Technology and Business-Model Innovation at the Heart of the Circular Economy6 October, 2016 / Articles
Metals have facilitated humankind’s development – from the Iron Age through to today’s hi-tech world enabled by precious and specialty metals and materials such as platinum, cobalt or germanium. As the world’s population continues to grow and the lifestyle expectations of billions of people in emerging economies increase, the availability of these essential metals is coming under greater pressure.
The solution lies at different stages of the value chain. As metallic ore bodies are becoming more difficult to reach and contain many different elements, more sophisticated recovery technologies are needed to extract the different metals. Once metals reach the processing stage, industries need to maximize the use of the valuable resources in their production process through closed-loop relationships with recyclers. Once products reach the end of their useful lives, the metals they contain then need to be recovered and recycled in a safe and environmentally sound manner.
Umicore is a leader in all three of these areas. The company’s recycling and refining process in Hoboken, Belgium, is unique. It is able to handle over 200 different waste streams – from complex mining residues to end-of-life materials such as electronic scrap and spent automotive catalysts. The plant can recover 17 different metals and return them back to the economic cycle. The operations also have a pilot battery recycling activity using Umicore’s proprietary recycling technology. This enables the recovery of metals and rare earth elements from spent rechargeable batteries.
In addition, Umicore also deploys a closed-loop recycling offering in many of its business units. These recycling activities take back production scrap and residue from customers and recover the valuable metals, thereby reducing or eliminating waste. These operations recover metals such as gold (from the jewellery industry), cobalt (from the tooling industry) rhenium and tungsten (from the aerospace industry), indium (from the coating industry) and germanium (from the fibre optic industry).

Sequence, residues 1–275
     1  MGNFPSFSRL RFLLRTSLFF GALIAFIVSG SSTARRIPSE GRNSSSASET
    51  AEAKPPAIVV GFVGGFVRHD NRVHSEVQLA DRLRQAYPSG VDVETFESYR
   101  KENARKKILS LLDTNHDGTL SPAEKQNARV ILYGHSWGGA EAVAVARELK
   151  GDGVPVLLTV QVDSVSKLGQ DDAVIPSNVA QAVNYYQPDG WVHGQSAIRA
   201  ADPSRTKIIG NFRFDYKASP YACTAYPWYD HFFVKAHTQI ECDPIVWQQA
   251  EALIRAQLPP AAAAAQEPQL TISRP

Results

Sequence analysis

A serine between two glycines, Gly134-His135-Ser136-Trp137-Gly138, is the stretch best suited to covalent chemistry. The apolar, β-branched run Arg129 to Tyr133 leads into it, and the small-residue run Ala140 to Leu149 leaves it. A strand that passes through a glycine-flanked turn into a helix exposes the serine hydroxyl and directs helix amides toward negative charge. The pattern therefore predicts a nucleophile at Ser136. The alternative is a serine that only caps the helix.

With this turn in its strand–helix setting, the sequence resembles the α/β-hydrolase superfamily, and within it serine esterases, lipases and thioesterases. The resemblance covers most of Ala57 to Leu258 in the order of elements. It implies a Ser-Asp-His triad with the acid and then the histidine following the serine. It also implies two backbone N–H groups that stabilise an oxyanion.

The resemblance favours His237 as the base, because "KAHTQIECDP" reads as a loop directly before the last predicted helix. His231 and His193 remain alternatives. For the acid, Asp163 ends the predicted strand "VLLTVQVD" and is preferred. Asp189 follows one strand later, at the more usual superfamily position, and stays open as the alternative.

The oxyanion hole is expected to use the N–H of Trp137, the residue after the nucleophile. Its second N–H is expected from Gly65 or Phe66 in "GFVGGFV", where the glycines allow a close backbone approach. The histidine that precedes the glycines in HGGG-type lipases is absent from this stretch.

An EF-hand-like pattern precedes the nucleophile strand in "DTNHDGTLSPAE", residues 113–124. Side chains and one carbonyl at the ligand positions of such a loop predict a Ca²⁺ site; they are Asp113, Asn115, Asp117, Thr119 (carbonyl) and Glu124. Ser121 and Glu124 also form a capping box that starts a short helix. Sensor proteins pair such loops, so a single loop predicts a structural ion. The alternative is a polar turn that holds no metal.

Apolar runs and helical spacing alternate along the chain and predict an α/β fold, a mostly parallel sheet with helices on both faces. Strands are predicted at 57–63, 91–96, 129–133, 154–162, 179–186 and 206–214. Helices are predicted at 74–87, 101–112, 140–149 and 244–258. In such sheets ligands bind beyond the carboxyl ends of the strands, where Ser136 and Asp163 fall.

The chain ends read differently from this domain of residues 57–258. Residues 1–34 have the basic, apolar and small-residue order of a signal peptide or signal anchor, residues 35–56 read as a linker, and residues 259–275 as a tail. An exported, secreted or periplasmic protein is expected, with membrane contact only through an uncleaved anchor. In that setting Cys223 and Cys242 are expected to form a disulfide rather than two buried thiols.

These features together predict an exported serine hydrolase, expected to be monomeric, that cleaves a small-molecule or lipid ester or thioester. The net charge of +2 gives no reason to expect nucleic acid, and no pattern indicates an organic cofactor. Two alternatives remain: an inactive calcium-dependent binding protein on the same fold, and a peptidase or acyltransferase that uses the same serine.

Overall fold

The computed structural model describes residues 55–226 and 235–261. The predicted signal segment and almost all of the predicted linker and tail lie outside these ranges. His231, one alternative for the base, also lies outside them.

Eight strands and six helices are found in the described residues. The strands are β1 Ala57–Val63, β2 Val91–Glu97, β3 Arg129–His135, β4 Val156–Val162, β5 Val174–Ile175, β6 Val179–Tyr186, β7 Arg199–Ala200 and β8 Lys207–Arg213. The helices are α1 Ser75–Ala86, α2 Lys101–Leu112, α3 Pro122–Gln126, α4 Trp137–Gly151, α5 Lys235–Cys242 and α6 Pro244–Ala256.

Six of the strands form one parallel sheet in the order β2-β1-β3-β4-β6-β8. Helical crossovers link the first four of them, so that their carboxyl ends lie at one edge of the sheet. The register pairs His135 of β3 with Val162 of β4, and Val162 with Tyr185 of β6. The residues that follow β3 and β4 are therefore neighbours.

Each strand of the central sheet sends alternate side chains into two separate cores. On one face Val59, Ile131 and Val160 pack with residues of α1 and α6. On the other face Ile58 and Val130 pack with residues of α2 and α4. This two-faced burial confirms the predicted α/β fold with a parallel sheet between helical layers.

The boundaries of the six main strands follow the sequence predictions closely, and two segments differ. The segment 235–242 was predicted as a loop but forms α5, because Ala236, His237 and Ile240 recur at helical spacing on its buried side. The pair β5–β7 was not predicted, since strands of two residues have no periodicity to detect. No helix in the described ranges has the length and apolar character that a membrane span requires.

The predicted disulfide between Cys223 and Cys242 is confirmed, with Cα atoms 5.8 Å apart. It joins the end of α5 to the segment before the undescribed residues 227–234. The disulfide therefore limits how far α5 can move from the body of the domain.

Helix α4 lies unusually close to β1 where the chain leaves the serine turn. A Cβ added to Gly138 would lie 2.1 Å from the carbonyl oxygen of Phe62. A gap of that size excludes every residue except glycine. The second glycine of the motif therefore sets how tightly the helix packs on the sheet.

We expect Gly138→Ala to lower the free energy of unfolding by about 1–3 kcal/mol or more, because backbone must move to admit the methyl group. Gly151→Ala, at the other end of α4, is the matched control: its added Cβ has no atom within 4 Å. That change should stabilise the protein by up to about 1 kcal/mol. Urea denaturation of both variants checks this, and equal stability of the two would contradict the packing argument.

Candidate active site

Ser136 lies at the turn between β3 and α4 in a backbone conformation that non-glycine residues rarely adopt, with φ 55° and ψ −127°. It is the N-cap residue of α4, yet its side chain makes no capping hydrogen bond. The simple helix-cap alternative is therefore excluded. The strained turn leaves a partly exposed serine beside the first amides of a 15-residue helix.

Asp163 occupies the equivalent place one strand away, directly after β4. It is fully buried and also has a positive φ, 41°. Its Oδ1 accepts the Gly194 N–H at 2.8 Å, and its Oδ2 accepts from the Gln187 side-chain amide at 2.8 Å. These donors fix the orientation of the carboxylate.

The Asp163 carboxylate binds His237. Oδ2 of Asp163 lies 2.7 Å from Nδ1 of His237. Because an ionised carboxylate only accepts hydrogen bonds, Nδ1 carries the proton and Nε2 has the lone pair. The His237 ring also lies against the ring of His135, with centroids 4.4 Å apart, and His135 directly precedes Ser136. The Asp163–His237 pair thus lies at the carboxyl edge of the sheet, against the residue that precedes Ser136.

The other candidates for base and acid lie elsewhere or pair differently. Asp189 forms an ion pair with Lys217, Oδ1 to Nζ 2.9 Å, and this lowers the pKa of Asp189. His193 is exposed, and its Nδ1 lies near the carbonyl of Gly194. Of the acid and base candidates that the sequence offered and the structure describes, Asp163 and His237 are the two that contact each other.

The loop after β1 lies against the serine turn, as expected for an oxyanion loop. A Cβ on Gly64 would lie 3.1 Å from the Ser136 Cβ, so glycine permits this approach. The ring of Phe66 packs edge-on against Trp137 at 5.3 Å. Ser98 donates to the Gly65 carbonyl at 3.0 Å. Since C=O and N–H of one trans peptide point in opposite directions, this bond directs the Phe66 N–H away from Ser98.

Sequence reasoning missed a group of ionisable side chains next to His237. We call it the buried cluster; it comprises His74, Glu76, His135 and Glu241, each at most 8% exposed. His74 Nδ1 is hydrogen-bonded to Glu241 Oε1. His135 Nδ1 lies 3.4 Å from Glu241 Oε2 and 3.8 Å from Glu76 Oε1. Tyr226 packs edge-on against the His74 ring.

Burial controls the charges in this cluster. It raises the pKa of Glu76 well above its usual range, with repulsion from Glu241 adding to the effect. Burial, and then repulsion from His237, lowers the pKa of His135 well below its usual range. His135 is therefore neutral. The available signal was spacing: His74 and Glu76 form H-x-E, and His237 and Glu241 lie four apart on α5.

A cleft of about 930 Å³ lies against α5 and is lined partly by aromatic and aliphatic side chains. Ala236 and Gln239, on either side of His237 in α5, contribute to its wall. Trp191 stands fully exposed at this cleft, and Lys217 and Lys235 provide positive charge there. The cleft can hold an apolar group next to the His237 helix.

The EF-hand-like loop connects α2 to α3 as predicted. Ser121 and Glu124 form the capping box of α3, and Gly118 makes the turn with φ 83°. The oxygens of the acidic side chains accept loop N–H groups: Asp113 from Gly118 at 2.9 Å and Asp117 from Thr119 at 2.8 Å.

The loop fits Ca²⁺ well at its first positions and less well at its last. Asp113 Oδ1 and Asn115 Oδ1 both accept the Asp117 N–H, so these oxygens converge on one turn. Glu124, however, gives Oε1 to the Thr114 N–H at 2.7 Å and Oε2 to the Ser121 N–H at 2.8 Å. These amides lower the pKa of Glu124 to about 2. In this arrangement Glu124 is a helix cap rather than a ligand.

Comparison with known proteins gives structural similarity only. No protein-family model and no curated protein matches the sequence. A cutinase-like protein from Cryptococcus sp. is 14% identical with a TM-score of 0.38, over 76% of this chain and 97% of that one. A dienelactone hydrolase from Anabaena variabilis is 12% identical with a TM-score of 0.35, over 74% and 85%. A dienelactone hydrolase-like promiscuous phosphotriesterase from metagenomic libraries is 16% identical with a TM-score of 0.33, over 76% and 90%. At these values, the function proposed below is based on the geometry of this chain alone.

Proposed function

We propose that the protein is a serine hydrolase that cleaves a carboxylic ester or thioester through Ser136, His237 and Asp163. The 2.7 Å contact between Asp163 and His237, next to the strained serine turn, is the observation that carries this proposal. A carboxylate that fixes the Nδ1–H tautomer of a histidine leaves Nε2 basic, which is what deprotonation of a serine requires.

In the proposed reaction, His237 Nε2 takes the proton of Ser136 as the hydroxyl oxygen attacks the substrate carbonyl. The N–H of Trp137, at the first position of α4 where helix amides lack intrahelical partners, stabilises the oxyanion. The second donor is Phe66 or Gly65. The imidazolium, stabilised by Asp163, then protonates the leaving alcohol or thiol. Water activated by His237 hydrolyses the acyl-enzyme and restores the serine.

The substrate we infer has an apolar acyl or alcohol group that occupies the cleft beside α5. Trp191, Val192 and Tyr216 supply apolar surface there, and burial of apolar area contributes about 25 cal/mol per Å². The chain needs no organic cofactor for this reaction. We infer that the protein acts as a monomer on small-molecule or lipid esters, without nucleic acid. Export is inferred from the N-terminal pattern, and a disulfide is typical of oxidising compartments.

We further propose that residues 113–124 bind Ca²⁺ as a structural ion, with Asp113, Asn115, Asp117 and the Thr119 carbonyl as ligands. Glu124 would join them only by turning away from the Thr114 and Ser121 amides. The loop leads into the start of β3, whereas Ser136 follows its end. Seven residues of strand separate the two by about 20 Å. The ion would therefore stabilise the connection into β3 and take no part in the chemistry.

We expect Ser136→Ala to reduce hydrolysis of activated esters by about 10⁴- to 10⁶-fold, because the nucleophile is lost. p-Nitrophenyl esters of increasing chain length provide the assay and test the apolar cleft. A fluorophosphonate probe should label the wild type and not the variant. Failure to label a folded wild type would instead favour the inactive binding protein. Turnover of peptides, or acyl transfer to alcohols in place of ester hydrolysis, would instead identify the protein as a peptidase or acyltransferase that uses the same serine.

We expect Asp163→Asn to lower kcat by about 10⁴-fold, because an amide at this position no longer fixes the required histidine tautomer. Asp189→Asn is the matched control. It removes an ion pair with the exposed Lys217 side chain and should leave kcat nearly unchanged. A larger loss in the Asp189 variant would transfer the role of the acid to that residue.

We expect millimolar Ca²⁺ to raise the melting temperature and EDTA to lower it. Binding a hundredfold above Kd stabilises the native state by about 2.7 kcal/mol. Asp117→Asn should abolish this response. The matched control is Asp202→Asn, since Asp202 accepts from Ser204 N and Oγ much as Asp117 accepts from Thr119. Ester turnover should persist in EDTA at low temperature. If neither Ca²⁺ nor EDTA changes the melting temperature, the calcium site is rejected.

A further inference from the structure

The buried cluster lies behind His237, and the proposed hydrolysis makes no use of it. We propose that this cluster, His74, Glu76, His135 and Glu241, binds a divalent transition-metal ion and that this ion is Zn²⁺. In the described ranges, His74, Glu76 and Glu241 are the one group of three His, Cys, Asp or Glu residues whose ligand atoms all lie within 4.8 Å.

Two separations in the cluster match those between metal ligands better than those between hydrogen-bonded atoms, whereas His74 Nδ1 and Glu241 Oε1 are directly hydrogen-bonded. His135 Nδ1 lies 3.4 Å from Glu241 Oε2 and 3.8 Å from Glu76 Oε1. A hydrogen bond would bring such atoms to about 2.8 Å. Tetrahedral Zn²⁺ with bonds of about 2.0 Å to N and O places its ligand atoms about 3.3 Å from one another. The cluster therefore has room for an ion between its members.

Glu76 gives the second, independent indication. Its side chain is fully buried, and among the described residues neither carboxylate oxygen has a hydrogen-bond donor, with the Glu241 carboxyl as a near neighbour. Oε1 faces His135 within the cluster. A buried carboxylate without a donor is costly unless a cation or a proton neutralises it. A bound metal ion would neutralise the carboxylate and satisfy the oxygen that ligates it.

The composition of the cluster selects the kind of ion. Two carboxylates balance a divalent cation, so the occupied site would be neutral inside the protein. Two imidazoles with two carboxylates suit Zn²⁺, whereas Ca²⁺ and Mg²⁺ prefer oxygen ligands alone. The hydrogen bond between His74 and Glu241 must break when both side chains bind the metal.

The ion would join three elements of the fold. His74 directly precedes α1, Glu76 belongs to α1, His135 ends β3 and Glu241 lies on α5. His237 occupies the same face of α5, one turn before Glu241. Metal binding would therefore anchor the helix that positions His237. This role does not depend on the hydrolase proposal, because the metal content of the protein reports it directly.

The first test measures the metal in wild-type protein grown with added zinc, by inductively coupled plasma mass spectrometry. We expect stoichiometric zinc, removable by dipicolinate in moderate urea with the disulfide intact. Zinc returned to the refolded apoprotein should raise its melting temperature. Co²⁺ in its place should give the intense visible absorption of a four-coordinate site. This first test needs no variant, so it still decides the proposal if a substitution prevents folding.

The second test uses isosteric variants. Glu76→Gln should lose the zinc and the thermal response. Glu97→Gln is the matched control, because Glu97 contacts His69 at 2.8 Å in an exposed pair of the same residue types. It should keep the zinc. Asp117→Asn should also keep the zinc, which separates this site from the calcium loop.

Closed-loop business models and leading-edge recycling technology such as Umicore’s are the forefront of the nascent circular economy. However, many other factors will influence its broader adoption and growth; a circular economy can only be as strong as its weakest link.
Environmental legislation is a case in point. In some regions of the world, such regulation has been moving in the right direction. Laws preventing landfilling of certain materials and enforcing the recycling of electronic waste, vehicles and batteries, for example, have been supporting the development of a circular economy for metals. Much more needs to be done to harmonize such initiatives on a global scale, thereby creating a level playing field and avoiding the ‘leakage’ of waste to other regions where it is treated in a way that harms the environment and human health.
The case of Umicore shows that metals can be a major contributor to a circular economy that combines economic growth and development with resource efficiency and a reduced environmental impact.